MUHS harrier competing at mountain-running world championship

Ripton’s Baxter Harrington, a rising senior at Middlebury Union High School and a member of the Tiger cross country team, trains in anticipation of an international mountain-running competition that will take place this coming weekend.

RIPTON, Vt./ FONTE CERRETO, Italy — Baxter Harrington has left the Green Mountain running trails in his hometown of Ripton, Vt., to travel to the rugged Apennine Mountains in central Italy, where this week he will compete in the 2023 Youth Skyrunning World Championships.

Early this week Harrington will join 13 other runners from across the USA to compete in the World Championships that will take place in Fonte Cerreto, L’Aquila, Abruzzo, Italy, which is 135 east of Rome.

“I’ve always loved the challenge of running up the mountain in my backyard,” Harrington said in a press release. “While the high peaks of Italy are a bit daunting in comparison to the green hills of Vermont, I’m super excited to be a part of this team and push myself as an athlete.”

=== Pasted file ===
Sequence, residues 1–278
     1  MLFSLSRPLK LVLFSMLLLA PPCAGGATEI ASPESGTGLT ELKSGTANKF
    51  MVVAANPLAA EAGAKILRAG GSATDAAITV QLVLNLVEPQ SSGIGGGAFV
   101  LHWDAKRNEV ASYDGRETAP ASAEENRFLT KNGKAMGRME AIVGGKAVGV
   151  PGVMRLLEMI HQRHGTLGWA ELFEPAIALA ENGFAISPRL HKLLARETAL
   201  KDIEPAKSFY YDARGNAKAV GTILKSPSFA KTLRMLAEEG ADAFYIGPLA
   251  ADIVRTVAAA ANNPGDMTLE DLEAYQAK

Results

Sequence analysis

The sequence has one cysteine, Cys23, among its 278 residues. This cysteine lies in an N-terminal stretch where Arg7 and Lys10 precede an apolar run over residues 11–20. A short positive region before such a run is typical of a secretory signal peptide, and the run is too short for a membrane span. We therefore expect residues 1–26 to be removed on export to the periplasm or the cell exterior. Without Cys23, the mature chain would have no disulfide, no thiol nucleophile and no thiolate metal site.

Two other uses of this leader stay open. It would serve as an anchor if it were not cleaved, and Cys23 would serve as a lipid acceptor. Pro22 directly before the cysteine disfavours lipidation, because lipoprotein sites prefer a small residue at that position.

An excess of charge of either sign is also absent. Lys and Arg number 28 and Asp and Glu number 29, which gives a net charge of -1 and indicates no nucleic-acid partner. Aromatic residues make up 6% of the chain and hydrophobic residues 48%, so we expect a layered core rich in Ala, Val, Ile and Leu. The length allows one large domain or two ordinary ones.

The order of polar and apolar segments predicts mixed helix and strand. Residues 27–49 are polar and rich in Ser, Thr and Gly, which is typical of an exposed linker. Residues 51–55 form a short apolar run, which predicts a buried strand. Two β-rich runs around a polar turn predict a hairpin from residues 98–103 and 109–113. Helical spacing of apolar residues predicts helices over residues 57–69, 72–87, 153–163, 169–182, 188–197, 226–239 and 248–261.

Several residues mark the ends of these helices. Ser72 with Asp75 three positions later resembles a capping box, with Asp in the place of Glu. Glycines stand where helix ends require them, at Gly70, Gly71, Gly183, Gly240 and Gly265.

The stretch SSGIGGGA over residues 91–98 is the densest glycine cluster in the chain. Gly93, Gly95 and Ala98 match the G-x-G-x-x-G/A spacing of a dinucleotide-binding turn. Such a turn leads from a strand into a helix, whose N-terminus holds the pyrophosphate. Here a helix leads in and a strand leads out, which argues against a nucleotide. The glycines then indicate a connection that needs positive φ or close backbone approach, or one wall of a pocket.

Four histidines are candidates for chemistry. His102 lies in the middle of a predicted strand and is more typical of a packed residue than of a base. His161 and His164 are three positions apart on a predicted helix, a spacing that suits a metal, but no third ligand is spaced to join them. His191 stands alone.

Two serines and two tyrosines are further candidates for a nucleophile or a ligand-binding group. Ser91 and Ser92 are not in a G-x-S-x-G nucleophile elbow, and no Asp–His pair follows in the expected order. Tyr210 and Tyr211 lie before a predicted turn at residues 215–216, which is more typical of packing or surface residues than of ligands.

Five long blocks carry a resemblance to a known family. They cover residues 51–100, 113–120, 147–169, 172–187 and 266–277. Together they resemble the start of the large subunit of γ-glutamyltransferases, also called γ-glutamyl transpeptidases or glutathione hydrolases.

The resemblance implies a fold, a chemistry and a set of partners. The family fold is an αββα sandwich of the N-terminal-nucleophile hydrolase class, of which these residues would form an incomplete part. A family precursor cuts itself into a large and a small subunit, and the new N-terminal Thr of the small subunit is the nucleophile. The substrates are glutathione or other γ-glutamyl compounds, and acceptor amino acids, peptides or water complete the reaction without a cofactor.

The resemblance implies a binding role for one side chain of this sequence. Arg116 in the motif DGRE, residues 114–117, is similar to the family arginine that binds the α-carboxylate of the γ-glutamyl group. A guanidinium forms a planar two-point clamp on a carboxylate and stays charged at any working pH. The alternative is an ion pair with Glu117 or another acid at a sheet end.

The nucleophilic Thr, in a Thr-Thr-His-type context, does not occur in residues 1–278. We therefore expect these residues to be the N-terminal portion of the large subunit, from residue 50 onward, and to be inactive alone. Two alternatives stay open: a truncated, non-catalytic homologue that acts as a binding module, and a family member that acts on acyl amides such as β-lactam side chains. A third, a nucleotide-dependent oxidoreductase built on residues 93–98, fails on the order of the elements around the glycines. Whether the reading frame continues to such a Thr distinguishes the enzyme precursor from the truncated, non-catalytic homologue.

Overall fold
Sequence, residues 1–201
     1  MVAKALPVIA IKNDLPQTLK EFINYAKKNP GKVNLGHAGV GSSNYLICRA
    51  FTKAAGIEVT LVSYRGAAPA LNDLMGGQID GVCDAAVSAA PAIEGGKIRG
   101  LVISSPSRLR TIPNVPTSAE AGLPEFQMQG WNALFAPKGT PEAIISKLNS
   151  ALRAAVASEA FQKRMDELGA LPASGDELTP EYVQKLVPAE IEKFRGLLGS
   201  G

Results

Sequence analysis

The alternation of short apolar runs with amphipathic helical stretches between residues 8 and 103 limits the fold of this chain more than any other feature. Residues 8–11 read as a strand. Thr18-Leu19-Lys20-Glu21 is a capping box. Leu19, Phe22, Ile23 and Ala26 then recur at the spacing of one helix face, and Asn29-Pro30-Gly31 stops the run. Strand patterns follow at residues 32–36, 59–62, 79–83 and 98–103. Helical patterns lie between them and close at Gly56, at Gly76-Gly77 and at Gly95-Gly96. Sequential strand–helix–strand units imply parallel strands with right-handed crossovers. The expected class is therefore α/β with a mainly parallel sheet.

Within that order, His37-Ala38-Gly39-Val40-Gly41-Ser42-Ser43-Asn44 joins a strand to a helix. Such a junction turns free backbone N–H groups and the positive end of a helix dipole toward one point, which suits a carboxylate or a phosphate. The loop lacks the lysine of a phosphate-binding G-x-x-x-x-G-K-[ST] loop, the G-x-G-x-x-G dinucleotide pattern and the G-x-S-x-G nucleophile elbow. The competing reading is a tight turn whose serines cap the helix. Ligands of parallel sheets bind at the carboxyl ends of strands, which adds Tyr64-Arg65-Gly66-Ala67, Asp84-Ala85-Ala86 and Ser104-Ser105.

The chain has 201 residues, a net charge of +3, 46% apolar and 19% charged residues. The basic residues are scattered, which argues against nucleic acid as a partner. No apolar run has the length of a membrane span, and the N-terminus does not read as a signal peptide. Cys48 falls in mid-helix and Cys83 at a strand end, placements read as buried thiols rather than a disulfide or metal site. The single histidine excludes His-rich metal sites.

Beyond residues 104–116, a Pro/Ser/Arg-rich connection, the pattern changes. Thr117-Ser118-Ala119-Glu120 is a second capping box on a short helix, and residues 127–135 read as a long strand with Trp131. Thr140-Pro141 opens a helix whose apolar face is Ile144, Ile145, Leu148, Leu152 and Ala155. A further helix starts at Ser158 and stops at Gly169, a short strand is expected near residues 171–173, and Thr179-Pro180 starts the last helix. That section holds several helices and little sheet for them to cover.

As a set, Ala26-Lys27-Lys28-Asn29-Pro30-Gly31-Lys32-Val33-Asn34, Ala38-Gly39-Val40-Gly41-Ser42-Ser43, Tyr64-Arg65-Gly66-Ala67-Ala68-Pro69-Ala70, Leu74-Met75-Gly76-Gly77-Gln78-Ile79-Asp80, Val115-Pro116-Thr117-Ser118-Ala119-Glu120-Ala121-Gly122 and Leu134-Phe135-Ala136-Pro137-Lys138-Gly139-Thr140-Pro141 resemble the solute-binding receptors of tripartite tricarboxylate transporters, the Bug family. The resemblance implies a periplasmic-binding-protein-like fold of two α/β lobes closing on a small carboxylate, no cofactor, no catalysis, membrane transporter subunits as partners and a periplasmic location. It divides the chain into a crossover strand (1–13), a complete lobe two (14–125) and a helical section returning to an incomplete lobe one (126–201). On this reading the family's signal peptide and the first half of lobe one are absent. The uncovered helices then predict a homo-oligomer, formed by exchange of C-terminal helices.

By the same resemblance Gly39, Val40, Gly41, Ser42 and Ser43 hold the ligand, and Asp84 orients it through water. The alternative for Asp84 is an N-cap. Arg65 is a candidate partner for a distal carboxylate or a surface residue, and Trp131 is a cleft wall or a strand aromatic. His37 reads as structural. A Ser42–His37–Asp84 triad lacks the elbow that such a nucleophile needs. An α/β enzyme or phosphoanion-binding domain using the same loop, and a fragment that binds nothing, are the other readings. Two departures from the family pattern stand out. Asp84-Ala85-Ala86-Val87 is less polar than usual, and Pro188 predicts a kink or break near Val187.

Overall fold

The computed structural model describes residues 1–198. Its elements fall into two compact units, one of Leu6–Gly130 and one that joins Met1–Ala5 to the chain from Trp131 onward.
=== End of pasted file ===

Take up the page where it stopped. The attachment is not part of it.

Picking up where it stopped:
A rising senior at Middlebury Union High School and a member of the Tiger cross country team, Harrington will compete in the Youth B category for boys ages 17 and 18.

Baxter will be joined by two other Vermont Runners: Heidi Haraldsen of Harwood and James Underwood of Woodstock .

The U.S. Youth Skyrunning Team is coached by fellow Ripton resident Ryan Kerrigan, who also coaches the Frost Mountain Nordic ski team at the Rikert Nordic Center.  He has led the U.S. team since 2018, when his roster included Sam Hodges of Cornwall.

The runners in Italy will start on Friday, Aug. 4, with the 3.8K “Vertical” race over the rugged mountains with a vertical climb of 1,033 meters. Then, after two days off, on Sunday Aug. 6 will see a second competition, the 13K “Sky” race, which features 1,300 meters of vertical climb. The highest elevation in the Vertical race is 2,136 meters, or over 7,000 feet.

The Vertical race will have individuals start every 20 seconds, like in a cross country ski race. The Sky race will feature a mass start like in a cross country running race.

John Kerrigan, assistant U.S. Youth Skyrunning coach, left, and the team’s head coach, Ryan Kerrigan (John’s son) confer with an official at a skyrunning event in Italy a few years ago.

Photo credit: Ian Corlis, International Skyrunning Federation



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